For more information on ODBC 3.8, see What's New in ODBC 3.8.

Executing connection operations asynchronously is useful in the following scenarios:

  • When a small number of threads manages a large number of devices with very high data rates. To maximize responsiveness and scalability it is desirable for all operations to be asynchronous.

  • When you want to overlap database operations over multiple connections to reduce elapsed transfer times.

  • Efficient asynchronous ODBC calls and the ability to cancel connection operations enable an application to allow the user to cancel any slow operation without having to wait for timeouts.

The following functions, which operate on connection handles, can now be executed asynchronously:

To determine whether a driver supports asynchronous operations on these functions, an application calls SQLGetInfo with SQL_ASYNC_DBC_FUNCTIONS. SQL_ASYNC_DBC_CAPABLE is returned if asynchronous operations are supported. SQL_ASYNC_DBC_NOT_CAPABLE is returned if asynchronous operations are not supported.

To specify that functions executed with a particular connection are to be executed asynchronously, the application calls SQLSetConnectAttr and sets the SQL_ATTR_ASYNC_DBC_FUNCTIONS_ENABLE attribute to SQL_ASYNC_DBC_ENABLE_ON. Setting a connection attribute before establishing a connection always executes synchronously. Also, the operation setting the connection attribute SQL_ATTR_ASYNC_DBC_FUNCTIONS_ENABLE with SQLSetConnectAttr always executes synchronously.

An application can enable asynchronous operation before making a connection. Because the Driver Manager cannot determine which driver to use before making a connection, the Driver Manager will always return success in SQLSetConnectAttr. However, it may fail to connect if the ODBC driver does not support asynchronous operations.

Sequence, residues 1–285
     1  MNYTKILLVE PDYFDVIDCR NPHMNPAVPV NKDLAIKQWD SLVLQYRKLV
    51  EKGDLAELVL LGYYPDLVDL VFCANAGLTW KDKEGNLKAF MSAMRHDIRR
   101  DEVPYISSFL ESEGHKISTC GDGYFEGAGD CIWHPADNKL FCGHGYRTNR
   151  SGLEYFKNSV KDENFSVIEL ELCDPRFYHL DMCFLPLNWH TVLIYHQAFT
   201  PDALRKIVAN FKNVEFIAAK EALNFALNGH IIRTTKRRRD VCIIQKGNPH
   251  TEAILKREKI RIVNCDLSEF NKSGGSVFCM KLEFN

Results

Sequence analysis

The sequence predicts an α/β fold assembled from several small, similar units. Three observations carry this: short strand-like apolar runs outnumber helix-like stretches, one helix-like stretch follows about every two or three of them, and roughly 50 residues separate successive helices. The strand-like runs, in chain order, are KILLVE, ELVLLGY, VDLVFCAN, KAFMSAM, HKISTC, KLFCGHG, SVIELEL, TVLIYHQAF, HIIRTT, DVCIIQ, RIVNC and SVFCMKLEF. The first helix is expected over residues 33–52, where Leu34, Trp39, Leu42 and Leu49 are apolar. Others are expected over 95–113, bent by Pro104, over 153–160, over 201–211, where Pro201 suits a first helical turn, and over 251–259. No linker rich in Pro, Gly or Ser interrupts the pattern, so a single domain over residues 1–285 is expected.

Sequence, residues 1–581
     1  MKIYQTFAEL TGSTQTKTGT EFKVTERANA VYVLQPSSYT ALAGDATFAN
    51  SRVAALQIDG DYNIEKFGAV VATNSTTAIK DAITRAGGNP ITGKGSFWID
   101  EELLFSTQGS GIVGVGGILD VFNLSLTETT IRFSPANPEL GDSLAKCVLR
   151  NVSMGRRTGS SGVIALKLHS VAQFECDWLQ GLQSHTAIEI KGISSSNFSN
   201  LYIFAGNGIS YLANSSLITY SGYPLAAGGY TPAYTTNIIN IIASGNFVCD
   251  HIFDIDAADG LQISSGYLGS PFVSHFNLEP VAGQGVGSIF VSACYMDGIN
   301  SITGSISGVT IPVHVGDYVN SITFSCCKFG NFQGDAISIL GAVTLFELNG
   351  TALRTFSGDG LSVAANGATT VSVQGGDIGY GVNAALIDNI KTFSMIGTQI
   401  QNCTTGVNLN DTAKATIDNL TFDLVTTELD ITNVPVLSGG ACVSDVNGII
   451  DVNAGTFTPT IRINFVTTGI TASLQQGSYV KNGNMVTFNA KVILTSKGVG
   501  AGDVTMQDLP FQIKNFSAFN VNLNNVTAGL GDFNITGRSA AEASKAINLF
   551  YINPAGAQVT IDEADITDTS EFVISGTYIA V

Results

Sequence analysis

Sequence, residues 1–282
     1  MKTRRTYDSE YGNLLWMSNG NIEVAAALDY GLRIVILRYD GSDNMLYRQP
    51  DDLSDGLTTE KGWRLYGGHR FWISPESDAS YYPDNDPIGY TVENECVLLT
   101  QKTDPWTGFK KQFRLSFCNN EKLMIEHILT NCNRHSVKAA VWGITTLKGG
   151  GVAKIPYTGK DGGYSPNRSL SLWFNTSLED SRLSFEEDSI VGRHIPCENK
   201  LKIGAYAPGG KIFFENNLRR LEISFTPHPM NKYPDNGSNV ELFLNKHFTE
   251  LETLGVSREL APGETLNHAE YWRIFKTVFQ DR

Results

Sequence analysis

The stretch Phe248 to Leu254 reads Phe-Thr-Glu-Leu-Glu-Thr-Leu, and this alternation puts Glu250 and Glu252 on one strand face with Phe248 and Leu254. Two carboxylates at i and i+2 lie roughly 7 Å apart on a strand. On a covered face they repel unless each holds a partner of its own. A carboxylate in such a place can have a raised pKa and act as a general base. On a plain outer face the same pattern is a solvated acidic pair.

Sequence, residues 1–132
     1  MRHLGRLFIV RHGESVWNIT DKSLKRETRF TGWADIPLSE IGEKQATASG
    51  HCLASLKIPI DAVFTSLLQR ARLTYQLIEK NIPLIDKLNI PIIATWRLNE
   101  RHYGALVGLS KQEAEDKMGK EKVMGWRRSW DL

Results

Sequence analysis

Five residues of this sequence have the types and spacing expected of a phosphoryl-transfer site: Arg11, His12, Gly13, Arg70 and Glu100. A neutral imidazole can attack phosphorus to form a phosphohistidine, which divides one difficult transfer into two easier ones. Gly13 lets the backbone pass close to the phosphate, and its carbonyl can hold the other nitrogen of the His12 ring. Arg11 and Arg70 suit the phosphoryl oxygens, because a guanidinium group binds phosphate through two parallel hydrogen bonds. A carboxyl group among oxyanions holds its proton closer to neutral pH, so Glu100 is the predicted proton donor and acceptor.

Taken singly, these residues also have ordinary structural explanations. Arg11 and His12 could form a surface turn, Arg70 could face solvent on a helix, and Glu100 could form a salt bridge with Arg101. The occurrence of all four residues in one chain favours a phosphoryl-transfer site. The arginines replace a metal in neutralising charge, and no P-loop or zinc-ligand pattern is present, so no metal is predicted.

In general, there can be at most one asynchronously executing function associated with a particular connection handle or statement handle. However, a connection handle can have more than one associated statement handle. If there is no asynchronous operation executing on the connection handle, an associated statement handle can execute an asynchronous operation. Similarly, you can have an asynchronous operation on a connection handle if there are no asynchronous operations in progress on any associated statement handle. An attempt to execute an asynchronous operation using a handle that is currently executing an asynchronous operation will return HY010, "Function sequence error".

If a connection operation returns SQL_STILL_EXECUTING, an application can only call the original function and the following functions for that connection handle:

  • SQLCancelHandle (on the connection handle)

  • SQLGetDiagField

  • SQLGetDiagRec

  • SQLAllocHandle (allocating ENV/DBC)

  • SQLAllocHandleStd (allocating ENV/DBC)

  • SQLGetEnvAttr

  • SQLGetConnectAttr

  • SQLDataSources

  • SQLDrivers

  • SQLGetInfo

  • SQLGetFunctions

The application should process diagnostic records in the repeating loop of the original function. If SQLGetDiagField or SQLGetDiagRec is called when an asynchronous function is executing, it will return the current list of diagnostic records. Each time the original function call is repeated, it clears previous diagnostic records.

If a connection is being opened or closed asynchronously, the operation is complete when the application receives SQL_SUCCESS or SQL_SUCCESS_WITH_INFO in the original function call.